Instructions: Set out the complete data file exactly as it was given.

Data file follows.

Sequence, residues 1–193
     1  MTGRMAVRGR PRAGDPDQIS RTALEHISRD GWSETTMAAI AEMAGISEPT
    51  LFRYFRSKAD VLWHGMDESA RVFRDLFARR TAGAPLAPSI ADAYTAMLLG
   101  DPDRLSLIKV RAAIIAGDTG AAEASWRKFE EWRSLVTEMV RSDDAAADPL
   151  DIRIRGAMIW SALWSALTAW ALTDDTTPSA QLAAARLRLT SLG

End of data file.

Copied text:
Sequence, residues 1–193
     1  MTGRMAVRGR PRAGDPDQIS RTALEHISRD GWSETTMAAI AEMAGISEPT
    51  LFRYFRSKAD VLWHGMDESA RVFRDLFARR TAGAPLAPSI ADAYTAMLLG
   101  DPDRLSLIKV RAAIIAGDTG AAEASWRKFE EWRSLVTEMV RSDDAAADPL
   151  DIRIRGAMIW SALWSALTAW ALTDDTTPSA QLAAARLRLT SLG